The House of Representatives is making arrangements for a N170 billion fund for the Academic Staff Union of Universities (ASUU) in the 2023 budget.
The measure, according to the House Speaker, Femi Gbajabiamila, will increase the welfare package for ASUU university instructors, he said in a statement on Monday.
He claimed that initiatives were being made to address every concern brought up by ASUU.
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Gbajabiamila also said that an additional N300 billion revitalization fund was included in the budget to upgrade the facilities and management of the federal universities.
The statement read;
We are currently working on the 2023 Appropriations Bill, which includes the sum of one hundred and seventy billion naira (N170,000,000,000.00) to provide a level of increment in the welfare package of university lecturers.
The Bill also includes an additional three hundred billion naira (N300,000,000,000.00) in revitalization funds to improve the infrastructure and operations of federal universities.
The Speaker said that President Buhari is eager to investigate the most recent problems and worries brought forth by the university professors.
According to Gbajabiamila, the Federal Government’s “no work, no pay” stance during the ASUU strike is based on the law.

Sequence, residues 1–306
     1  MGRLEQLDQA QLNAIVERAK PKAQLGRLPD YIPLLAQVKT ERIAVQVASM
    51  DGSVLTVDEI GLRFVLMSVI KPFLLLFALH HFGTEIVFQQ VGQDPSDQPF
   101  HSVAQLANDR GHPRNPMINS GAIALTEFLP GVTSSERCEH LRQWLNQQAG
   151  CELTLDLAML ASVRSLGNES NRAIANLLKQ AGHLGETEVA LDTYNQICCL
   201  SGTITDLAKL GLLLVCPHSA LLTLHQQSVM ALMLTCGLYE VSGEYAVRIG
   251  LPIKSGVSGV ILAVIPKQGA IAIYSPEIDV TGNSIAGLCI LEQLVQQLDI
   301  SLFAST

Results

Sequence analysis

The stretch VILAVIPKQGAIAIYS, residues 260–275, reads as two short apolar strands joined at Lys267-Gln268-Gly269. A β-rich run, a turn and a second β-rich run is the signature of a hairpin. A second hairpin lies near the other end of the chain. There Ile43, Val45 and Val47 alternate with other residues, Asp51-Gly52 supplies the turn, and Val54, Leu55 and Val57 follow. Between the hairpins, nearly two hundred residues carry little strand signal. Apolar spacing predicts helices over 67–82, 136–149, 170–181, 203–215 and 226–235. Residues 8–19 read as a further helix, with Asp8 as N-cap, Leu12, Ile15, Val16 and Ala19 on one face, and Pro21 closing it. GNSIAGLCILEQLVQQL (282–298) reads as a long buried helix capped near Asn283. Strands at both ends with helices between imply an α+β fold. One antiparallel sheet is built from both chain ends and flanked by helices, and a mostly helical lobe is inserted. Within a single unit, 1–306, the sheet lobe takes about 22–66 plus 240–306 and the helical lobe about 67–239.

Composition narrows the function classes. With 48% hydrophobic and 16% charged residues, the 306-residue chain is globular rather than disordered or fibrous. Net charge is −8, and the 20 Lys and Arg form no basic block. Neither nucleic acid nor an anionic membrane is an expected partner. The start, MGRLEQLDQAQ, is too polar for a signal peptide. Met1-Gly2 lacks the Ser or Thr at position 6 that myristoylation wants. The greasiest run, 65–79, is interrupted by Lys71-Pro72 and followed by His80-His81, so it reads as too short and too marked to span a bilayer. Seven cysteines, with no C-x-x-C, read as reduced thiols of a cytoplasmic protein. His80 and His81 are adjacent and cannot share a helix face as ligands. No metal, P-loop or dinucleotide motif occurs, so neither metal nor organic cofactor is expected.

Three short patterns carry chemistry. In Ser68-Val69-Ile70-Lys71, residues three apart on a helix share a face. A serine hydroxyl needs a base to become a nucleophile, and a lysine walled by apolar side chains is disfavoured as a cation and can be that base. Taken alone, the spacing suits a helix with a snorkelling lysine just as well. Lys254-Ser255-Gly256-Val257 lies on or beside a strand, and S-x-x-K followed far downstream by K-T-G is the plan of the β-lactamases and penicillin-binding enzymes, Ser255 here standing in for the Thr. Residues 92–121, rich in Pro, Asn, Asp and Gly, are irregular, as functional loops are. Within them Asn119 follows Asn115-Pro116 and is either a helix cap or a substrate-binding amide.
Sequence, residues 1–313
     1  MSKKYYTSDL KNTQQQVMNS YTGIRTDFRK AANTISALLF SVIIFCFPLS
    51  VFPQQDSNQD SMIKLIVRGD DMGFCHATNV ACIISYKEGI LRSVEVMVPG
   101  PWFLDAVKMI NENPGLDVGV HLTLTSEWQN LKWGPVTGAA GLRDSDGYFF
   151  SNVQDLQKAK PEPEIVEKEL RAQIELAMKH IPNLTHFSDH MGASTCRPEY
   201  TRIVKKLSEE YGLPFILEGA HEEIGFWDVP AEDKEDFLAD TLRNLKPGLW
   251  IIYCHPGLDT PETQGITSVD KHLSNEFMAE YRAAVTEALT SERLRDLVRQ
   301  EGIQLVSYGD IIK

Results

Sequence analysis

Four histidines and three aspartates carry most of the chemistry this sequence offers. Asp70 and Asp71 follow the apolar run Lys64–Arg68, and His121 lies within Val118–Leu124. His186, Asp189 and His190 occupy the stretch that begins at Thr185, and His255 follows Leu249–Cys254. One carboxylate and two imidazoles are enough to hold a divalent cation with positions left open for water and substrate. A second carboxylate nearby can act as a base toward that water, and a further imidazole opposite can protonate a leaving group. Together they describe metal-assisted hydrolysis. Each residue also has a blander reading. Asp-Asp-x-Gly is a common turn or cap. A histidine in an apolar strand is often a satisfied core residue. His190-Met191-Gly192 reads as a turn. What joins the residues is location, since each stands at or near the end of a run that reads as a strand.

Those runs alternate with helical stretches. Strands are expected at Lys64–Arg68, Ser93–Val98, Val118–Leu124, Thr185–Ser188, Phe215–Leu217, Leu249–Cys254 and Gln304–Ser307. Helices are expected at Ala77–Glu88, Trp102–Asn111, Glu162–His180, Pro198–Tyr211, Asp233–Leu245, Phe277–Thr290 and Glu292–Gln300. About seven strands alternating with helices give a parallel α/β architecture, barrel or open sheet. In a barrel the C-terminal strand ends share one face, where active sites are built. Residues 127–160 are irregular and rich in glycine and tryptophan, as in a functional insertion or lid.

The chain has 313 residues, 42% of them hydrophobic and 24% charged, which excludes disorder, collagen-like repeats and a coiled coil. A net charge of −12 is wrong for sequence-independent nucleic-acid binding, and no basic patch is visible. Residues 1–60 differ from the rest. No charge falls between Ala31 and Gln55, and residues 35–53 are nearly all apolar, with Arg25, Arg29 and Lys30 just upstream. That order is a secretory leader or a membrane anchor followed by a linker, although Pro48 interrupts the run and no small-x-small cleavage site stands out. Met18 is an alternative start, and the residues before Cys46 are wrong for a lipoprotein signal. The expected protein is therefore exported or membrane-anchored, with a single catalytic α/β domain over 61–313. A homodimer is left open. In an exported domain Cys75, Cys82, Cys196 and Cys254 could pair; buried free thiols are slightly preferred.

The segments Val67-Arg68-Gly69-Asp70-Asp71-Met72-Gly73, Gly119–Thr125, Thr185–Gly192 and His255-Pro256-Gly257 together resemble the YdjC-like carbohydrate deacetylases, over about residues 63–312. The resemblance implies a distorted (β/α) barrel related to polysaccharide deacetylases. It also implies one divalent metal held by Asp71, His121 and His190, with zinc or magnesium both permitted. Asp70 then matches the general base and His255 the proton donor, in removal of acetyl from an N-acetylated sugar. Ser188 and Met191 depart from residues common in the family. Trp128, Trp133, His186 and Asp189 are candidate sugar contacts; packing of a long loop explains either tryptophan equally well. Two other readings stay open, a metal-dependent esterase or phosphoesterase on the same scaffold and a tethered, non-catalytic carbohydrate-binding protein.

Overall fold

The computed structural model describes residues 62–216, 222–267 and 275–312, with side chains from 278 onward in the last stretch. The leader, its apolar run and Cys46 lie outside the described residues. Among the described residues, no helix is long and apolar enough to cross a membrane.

He said that the choice was made based on the government’s legal interest in averting moral hazard and deterring disruptive industrial operations.
Nonetheless, interventions have been made to explore the possibility of partial payments to the lecturers. We look forward to a favourable consideration by His Excellency, President Muhammadu Buhari, GCFR who has manifested his desire for what is prudent and necessary to resolve all outstanding issues.
Implementing meaningful change takes time, especially when appropriations and modifications to systems such as IPPIS are required.
Therefore, I urge all parties to be patient and grant each other the presumption of goodwill to the extent necessary to achieve our shared objectives. This is not a time for political brinkmanship.
There is no more pressing objective than to preclude the possibility of further disruptions to the academic calendar of the universities. We must prevent this possibility by all means, as these disruptions risk the promise and potential of our nation’s youth.